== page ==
Commemorative coins from the Royal Mint celebrating the 70 year anniversary of Her Majesty’s accession are available to buy from £10 to as much as £1,800 for a full gold bullion set.
A limited Emma Bridgewater tin of biscuits is on sale for £10, while Fortnum & Mason is selling a cool bag for £130.
But which royal collectables actually hold their value, and how much could they be sold for in the future?
A royal touch
Kerry Taylor, of Kerry Taylor Auctions, said mass-produced items such as mugs, tea towels and bunting were highly unlikely to rise or even retain their value over time.
“Items that have been touched by the Royal family, or that have a real connection to them, are the only things that are ever going to make you real money," she said.
"Drink tea from your Jubilee mug and wash it up with your Jubilee tea towel and enjoy them, but don’t expect them to make you rich.”
Articles of clothing worn by the most prominent members of the Royal family fetch some of the highest price at auction. This includes the “John Travolta dress", worn by Princess Dianna at White House gala dinner in 1985, where she danced with the Hollywood star. Ms Taylor sold the dress in 2013 for £200,000.
“We also sold dresses worn by the Queen and Princess Margaret as toddlers in the 1930s, which had been gifted to a nanny. They sold for £26,000,” she added.
Underwear worn by Queen Victoria is also a surprisingly common item that comes to market, fetching decent prices.
“A lot of her servants pilfered her undergarments, I think. These come up more than you would think. We have some coming to the market in June and expect to see stockings selling for up to £1,800 and knickers going for around £500,” Ms Taylor added.
The exception to the rule about mass-produced items is if they have something about them which makes them unique, such as those produced for events that never took place.
This includes items for the abandoned coronation of Edward VIII in 1937, who abdicated before he was crowned in order to marry Wallace Simpson. Coronation hankies from the time can sell for £30 to £50 today.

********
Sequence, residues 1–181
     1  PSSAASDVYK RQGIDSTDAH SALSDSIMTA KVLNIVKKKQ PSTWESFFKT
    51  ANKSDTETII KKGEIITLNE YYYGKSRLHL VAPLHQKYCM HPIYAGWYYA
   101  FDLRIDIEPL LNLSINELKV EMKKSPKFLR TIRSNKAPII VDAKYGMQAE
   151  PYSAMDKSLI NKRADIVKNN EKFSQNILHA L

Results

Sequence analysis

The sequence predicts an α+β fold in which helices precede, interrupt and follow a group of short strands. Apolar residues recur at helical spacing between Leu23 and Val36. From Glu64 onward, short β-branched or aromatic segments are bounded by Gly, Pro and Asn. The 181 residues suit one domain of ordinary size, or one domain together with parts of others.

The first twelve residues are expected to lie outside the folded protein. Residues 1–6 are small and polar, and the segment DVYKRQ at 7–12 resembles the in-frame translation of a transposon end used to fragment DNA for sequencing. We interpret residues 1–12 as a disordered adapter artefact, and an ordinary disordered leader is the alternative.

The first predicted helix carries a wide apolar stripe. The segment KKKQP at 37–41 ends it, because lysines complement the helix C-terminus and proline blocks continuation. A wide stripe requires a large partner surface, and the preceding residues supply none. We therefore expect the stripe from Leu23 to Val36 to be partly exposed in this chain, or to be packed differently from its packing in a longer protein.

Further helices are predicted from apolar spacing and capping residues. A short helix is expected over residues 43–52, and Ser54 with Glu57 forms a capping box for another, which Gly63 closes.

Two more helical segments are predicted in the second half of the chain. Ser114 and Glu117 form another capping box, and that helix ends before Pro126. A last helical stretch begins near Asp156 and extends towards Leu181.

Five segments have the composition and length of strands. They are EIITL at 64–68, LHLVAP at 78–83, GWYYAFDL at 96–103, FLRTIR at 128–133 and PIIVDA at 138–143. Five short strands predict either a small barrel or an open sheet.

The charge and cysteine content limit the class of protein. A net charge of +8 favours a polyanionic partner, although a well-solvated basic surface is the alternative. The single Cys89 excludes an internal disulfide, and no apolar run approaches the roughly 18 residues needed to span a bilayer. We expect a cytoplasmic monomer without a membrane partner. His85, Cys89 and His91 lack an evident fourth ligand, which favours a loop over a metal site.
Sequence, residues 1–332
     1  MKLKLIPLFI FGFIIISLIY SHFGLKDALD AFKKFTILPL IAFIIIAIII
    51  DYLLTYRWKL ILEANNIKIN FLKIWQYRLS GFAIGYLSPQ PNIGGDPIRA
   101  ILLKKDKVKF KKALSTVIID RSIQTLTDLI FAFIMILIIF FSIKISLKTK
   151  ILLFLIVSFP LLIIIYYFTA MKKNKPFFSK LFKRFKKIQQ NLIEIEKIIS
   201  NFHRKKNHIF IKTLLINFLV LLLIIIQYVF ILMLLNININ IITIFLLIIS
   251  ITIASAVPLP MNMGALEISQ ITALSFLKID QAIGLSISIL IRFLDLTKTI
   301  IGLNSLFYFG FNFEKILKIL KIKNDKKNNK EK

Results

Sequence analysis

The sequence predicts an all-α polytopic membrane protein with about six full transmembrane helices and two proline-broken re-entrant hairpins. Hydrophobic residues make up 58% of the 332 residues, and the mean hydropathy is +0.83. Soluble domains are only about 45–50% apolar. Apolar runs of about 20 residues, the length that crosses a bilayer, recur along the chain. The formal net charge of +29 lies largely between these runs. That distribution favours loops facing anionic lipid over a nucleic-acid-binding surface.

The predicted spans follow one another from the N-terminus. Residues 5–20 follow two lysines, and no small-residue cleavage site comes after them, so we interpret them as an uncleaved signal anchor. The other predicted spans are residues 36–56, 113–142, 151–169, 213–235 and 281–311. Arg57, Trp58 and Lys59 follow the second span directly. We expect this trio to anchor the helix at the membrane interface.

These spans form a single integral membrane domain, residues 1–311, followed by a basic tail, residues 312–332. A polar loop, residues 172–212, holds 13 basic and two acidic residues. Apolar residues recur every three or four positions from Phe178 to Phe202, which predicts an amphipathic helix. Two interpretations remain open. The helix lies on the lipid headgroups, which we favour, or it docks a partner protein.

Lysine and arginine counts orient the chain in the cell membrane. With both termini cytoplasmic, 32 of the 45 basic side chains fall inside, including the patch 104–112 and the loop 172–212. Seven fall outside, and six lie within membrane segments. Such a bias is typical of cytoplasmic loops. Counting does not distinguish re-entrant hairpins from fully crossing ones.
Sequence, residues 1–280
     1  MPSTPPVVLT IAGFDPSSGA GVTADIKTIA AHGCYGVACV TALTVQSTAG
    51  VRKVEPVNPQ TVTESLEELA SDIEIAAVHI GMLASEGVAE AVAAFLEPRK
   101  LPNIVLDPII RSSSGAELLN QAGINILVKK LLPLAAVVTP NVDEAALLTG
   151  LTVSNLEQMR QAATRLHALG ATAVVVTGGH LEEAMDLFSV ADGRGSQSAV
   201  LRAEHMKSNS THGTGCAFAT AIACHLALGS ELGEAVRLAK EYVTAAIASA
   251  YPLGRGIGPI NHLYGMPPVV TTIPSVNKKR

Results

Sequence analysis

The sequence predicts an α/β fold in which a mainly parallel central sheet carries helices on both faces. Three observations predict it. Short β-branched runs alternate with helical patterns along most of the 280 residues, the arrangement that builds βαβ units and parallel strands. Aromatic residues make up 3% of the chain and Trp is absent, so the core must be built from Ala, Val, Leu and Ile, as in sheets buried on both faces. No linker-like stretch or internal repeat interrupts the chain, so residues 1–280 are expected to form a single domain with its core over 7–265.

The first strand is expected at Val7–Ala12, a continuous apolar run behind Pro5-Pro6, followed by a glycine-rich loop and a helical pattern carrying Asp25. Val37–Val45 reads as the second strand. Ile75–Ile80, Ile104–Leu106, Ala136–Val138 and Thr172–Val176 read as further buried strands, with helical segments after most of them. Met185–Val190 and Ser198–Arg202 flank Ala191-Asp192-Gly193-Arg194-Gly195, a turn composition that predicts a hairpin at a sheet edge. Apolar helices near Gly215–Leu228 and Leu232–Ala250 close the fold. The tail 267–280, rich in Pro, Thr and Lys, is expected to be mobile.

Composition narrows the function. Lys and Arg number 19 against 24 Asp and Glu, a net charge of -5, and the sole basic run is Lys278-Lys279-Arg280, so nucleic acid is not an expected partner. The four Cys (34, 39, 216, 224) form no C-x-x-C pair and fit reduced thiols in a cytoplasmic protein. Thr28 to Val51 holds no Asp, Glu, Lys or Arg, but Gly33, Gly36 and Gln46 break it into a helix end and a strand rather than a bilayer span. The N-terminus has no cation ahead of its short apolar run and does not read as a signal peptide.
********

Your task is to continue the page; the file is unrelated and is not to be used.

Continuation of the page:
In 2005, the Duke and Duchess of Cornwall had to postpone their nuptials by a day, following the death of Pope John Paul II. Mugs with the initial date of April 9 are worth upwards of £20.
A collection of more than 10,000 Chinese-made Jubilee commemorative cups and plates recently made headlines as they contained a crucial spelling mistake, misspelling Jubilee as “Jubbly”. These souvenirs are currently on sale for close to £10 apiece on Wholesale Clearance, a website which claims buyers can make a 200pc profit investing in the items.
But Daniel Wade of Paul Fraser Collectables was dubious of their ability to make money. “You cannot see into the future, but we are not convinced that much of the mass-produced items on sale for the Jubilee today will be able to hold their value over the next 10 or 20 years,” he said.
A personal note
Letters and Christmas cards signed by members of the Royal family and sent to friends and staff are more likely to increase in price over time, said Mr Wade.
Signatures of the Duke of Cambridge now sell for around £3,500, compared to £2,500 in 2016, according to an index compiled by the firm.
Signed cards and notes from the Queen can fetch up to £4,500, while the value of autographs and letters of Prince Harry have fallen in value slightly to £1,750, from £2,000 in 2018.
Cake from the weddings of the major royals are also a better investment, Mr Daniels added. A 40-year-old slice of cake from the wedding of Prince Charles and Princess Diana sold for close to £2,000 last year.
A slice of cake from the 2011 wedding of the Duke and Duchess of Cambridge sold at an auction in Beverly Hills, California, for around £4,000 in 2014.